Grand Jury Probes Detective “Leaks”

by Archivist on January 17, 2017

grand_jury_probeAnother in our series of new transcriptions of contemporary articles on the Leo Frank case.

Atlanta Constitution

Friday, June 6th, 1913

Court Officials Worried Over News Growing Out of the Phagan Murder Mystery.

It is understood on good authority that the grand jury has been called upon to make a searching investigation in the apparent “leakage” in the detective department, which has enabled the newspapers to publish every important development in the Phagan murder mystery before such development had, often times, been brought to the official attention of the solicitor general’s office. It is said that certain court officials deemed the matter of such importance that they called the attention of the grand jury to it in the hope that the responsibility might be properly placed and a repetition of the “leaks” prevented.

It is a matter of history that as soon as some new angle to the case developed it was given the widest publicity, and the case of the state, in all its details, is today known to the attorney for the defense as thoroughly as it is known to the solicitor general.

Don’t Blame Reporters.

No blame is attached to the newspapers for printing the news. Court officials recognize that that is the province of a paper but they deplore the apparent ease with which the news has been secured.

The policy of Solicitor Dorsey has been one of absolute silence. To all reporters he has stated that he had nothing to give out.

Not so with the detective department. Hundreds of readers of the newspapers have learned of new angles in the Phagan case before the detective department had had time to bring the matter to the official attention of the solicitor general. At the present time the average man on the street has an intimate knowledge of the facts on which the state will base its case against Leo Frank. He knows just what witnesses will be called, just what they will testify, to just what affidavits will be presented and if he has kept a scrapbook, he has copies of these affidavits in his possession.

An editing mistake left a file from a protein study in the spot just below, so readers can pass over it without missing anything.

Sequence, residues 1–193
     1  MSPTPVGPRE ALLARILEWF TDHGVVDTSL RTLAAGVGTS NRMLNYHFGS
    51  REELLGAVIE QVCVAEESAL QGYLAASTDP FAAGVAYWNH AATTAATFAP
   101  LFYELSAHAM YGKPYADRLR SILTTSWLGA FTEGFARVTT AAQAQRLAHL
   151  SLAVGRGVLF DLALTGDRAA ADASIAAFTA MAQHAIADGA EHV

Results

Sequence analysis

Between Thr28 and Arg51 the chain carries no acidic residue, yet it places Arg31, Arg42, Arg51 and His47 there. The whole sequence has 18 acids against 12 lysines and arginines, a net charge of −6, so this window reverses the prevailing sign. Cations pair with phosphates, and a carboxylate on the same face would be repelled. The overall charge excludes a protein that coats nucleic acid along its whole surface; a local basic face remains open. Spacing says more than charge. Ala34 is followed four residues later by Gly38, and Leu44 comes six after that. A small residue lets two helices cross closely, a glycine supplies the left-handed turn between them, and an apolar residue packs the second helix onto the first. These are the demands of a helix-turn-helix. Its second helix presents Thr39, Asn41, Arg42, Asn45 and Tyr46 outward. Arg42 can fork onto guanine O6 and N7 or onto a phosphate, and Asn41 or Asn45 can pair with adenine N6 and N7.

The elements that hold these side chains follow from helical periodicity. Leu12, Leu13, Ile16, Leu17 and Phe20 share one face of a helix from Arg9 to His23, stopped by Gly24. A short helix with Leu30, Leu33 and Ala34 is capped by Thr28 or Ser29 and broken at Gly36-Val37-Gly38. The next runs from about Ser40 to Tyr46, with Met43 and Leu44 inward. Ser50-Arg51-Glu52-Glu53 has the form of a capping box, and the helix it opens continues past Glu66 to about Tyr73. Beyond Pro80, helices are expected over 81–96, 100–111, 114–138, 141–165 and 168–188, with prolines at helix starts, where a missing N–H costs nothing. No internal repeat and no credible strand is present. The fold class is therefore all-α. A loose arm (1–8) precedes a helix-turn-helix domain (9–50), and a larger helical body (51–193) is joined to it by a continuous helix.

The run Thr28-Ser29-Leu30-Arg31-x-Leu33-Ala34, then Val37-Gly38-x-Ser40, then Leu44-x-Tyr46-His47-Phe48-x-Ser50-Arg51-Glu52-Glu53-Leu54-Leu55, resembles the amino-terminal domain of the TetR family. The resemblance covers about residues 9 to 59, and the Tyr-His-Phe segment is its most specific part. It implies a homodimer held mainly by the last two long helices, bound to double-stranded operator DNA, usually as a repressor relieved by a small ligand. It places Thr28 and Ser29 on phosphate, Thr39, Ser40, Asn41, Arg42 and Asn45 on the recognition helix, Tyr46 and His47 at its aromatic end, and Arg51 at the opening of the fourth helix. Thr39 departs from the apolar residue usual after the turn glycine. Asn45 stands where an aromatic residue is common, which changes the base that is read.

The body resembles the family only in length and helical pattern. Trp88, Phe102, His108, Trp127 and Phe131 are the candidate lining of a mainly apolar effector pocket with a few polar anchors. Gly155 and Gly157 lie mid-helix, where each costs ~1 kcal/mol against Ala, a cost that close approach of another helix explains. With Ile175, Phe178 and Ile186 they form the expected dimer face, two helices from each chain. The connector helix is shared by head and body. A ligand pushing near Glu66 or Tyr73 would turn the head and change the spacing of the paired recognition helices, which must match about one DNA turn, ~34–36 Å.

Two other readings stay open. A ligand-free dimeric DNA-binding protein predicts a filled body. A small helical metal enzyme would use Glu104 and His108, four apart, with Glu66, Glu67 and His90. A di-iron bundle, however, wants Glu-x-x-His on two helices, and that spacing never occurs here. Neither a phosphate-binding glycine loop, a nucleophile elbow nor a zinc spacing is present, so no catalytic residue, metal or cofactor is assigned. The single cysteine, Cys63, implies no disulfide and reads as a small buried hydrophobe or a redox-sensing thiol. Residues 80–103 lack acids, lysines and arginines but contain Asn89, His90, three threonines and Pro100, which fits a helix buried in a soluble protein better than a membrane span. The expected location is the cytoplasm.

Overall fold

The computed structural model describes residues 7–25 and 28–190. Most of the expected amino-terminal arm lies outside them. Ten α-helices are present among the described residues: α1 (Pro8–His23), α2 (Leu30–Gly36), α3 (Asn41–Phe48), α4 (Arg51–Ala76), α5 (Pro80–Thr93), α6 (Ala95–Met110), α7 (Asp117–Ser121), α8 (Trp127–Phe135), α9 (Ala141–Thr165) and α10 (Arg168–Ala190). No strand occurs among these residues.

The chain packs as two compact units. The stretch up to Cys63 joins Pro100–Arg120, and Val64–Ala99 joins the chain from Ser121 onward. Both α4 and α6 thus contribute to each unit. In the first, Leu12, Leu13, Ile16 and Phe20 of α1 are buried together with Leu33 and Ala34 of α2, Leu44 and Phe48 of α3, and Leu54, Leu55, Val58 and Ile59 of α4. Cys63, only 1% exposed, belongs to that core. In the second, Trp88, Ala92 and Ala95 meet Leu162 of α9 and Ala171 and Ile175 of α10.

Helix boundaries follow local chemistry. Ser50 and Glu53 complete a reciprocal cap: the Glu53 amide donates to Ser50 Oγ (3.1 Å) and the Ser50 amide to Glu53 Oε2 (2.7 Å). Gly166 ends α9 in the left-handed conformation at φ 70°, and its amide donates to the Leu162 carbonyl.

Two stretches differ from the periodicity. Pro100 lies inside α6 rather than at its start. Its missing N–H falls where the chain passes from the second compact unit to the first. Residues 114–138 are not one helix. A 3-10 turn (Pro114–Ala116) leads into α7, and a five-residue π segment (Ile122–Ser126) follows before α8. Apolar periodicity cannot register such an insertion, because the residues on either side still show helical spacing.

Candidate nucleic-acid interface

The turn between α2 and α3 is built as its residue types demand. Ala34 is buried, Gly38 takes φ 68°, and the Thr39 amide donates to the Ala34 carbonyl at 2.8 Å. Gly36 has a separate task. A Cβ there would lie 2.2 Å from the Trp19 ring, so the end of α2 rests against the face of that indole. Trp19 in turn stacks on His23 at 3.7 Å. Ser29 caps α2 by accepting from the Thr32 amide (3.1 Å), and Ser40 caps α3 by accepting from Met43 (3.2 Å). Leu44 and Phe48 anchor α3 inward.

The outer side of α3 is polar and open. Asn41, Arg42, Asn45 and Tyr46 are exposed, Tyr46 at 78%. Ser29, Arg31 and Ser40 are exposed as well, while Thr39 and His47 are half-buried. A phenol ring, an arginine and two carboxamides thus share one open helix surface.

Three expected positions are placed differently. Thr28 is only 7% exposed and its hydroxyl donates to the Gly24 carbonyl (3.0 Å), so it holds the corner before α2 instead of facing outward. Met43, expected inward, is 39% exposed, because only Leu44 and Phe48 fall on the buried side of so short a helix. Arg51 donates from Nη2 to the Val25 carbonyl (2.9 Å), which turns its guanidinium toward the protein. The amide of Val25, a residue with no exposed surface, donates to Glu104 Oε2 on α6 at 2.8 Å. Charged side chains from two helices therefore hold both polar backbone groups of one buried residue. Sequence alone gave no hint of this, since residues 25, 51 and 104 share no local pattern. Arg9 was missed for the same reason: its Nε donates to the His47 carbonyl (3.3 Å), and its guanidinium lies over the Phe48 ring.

The surprising thing about the whole conduct of the case is the fact that there will be no surprises.

To go back and recapitulate: The fact that the Fomby [sic] woman had made a sensational affidavit leaked out shortly after she had affixed her signature to it. The ink was scarcely dry before a newspaper reporter had seen her and she had given him the substance of its contents. Following close on the heels of this came the publication of the affidavit itself.

Conley’s Confession.

Next came the sensational confession of James Conley, the negro sweeper, employed at the National Pencil factory who stated that he had helped Frank dispose of the body and Conley had not recovered from the sweating process when an afternoon pink extra contained flaring headlines stating that he had made a confession. That night The Constitution reporter had little difficulty in getting the details of the confession. The subsequent publication of the affidavit bore out The Constitution’s story of the morning before.

But recently, Minola McKnight, a servant in the home of Leo Frank, was arrested. She too made an affidavit. A police commissioner, it is definitely stated, prevailed on Chief Lanford to give out this affidavit to the afternoon papers. There were three typewritten copies of it and it was promptly turned over to the reporters.

Police Official Talks.

A prominent police official who has had no direct connection in the Phagan case said to a Constitution reporter:

“There is no one who likes the newspaper reporters better than I and I have always been ready to give them any legitimate news but I do not believe in trying a case in the newspapers. It doesn’t convince a jury and it does not bring about convictions. Suppose that a general on the eve of an important battle sent a courier out with a flag of truce bearing plans of his fortifications and explaining just what line of attack he intended to make? How many battles would he win? Nary a battle! It’s the same thing in working up evidence which is to be used in a murder trial. Unless you hold something in reserve, unless you catch the other side unprepared, you stand a mighty poor show of accomplishing anything, especially where the case is one in which circumstantial evidence plays an important part.”

Just what steps the grand jury will take will be looked forward to with interest.

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Atlanta Constitution, June 6th 1913, “Grand Jury Probes Detective ‘Leaks,'” Leo Frank case newspaper article series (Original PDF)

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